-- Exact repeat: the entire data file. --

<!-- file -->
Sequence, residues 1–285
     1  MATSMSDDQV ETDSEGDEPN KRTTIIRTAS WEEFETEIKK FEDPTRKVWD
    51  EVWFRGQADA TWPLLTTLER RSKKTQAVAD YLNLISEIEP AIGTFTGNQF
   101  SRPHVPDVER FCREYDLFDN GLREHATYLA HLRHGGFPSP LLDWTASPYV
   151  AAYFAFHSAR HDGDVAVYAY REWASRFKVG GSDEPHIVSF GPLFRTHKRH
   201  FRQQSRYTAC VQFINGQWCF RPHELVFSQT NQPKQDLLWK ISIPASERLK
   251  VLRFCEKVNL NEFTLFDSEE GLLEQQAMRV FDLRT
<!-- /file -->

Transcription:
Sequence, residues 1–285
     1  MATSMSDDQV ETDSEGDEPN KRTTIIRTAS WEEFETEIKK FEDPTRKVWD
    51  EVWFRGQADA TWPLLTTLER RSKKTQAVAD YLNLISEIEP AIGTFTGNQF
   101  SRPHVPDVER FCREYDLFDN GLREHATYLA HLRHGGFPSP LLDWTASPYV
   151  AAYFAFHSAR HDGDVAVYAY REWASRFKVG GSDEPHIVSF GPLFRTHKRH
   201  FRQQSRYTAC VQFINGQWCF RPHELVFSQT NQPKQDLLWK ISIPASERLK
   251  VLRFCEKVNL NEFTLFDSEE GLLEQQAMRV FDLRT